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The politics of reparations in California, etc.


Practical Politics

By David L. Horne, Ph.D | oped contributor


The Reparations issue for all its history in the U.S.A. has been very, very complicated. Now that there is some movement, particularly, but not exclusively, in California, that complication has increased, rather than decreased.

Let’s begin with a common sense definition: Reparations is the process of repairing, healing and restoring a people injured because of their group identity and in violation of their fundamental human rights by governments, corporations, institutions and/or families. Those groups that have been injured have the right to obtain from the government, corporations, institutions or families responsible for the injuries suffered or damage done, that which they need to repair and heal themselves. In addition to being a demand for justice, it is a principle of international human rights law.

Reparation relief should be proportional to the gravity of the violations and the harm suffered. In accordance with its domestic laws and international legal obligations, a State shall provide reparations to victims for acts or omissions which can be attributed to the State and which constitute gross violations of international human rights law or serious violations of international humanitarian law. In cases where a person, a legal person, or other entity is found liable for reparation to a victim, such party should provide reparation directly to the victim or compensate the State if the State has already provided reparations to the victim.

Next, let’s separate at least some facts from fiction.

MYTH: The ‘40 Acres and A Mule’ Concept---That between 1861 (the Emancipation

Proclamation, the Confiscation Acts, Sherman’s Field Order #15, the Southern Homestead Act, the Freedmen’s Bureau Acts)) and 1877 (the effective ending of Reconstruction), the American government made a promise to African Americans that Blacks would be given emancipation from slavery along with forty acres of land for each family, and a mule and other farm implements to help plow it. The 40 Acres myth (getting what they promised us) is the actual beginning of the Reparations Movement in the U.S., even though Callie House/Isaiah Dickerson’s 1890 Ex-Slave Mutual Relief, Bounty and Pension Association was the first organizational effort for Slave-based Reparations.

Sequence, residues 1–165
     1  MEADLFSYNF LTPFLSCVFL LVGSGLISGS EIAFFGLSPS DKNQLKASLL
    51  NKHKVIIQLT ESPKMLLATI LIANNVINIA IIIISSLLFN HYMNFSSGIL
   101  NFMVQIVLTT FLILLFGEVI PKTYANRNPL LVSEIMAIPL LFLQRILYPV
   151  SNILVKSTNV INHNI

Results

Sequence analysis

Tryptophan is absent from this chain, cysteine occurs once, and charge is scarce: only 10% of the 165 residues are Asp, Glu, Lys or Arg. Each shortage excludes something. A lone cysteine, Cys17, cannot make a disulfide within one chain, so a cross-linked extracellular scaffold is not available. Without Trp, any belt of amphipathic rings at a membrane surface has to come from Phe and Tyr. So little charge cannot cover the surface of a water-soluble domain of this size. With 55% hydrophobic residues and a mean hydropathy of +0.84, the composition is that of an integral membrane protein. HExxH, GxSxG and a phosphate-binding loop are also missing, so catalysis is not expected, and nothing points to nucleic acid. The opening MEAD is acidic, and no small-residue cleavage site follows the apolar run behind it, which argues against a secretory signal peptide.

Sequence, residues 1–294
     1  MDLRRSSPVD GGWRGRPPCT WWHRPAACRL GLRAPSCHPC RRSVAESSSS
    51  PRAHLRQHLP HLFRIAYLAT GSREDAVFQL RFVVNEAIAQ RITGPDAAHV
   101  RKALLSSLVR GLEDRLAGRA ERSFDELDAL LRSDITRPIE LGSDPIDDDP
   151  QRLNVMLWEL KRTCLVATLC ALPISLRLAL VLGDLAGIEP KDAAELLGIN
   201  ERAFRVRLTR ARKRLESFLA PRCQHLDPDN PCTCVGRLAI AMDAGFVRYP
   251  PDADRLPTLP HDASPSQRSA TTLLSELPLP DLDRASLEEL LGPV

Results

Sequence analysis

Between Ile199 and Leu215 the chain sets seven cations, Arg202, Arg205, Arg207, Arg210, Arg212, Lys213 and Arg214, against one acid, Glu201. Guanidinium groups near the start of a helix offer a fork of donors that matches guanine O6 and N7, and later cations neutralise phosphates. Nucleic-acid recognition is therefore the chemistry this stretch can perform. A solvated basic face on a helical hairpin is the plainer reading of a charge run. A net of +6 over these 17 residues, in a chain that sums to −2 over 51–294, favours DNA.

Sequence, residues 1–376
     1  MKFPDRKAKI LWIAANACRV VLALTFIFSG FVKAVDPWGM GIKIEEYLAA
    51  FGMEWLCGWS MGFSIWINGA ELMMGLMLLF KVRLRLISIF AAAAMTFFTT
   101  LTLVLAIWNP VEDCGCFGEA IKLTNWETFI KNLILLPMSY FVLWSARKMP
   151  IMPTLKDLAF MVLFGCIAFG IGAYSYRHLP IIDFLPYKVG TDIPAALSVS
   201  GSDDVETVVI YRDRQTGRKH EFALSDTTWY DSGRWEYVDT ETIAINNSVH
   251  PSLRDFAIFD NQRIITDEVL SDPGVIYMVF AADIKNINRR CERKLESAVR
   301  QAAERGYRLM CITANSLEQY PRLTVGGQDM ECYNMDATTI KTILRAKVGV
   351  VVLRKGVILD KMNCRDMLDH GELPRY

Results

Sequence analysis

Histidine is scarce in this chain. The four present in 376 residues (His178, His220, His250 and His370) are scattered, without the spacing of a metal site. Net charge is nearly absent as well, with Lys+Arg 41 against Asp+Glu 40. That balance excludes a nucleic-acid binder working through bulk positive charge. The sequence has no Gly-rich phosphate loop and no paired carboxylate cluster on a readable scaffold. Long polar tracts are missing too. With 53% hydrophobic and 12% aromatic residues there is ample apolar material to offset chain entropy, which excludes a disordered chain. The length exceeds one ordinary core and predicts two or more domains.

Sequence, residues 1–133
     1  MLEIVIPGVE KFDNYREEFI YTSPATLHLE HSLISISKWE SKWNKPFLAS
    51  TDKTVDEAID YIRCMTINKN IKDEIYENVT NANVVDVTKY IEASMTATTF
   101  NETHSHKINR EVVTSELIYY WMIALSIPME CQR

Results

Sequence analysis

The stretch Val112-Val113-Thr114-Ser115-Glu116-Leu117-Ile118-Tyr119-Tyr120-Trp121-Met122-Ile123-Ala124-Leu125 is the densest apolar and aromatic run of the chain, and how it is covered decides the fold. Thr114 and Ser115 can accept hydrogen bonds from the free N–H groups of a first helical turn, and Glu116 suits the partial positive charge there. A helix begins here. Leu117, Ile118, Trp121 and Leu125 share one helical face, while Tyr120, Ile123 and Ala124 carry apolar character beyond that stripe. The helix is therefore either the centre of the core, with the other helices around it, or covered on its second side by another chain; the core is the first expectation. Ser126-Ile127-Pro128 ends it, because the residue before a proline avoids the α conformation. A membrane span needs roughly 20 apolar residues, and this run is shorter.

Correction to the Myth: That promise was not made and, thus, it was not a promise broken. The ‘forty acres and a mule’ concept, which was a long-standing rumor among the slave community in the South, was most likely generated by Southern newspapers (1860-1864) and the Confederate Congress (1861-1865) publicly discussing the probability that the Union under Lincoln was committed to taking land from slaveholders and redistributing it to slaves.  Publicly discussing that idea was to fire up Southern troops.

Abolitionists strongly advocated that, in fact, the Union government should do this, and two months after the Civil War began, Congress passed the First Confiscation Act which in fact did authorize Union forces to seize abandoned land in the South and also land which had not complied with the federal tax law. The idea that this land would be given to slaves freed by the Union soldiers, however,  was not part of the law.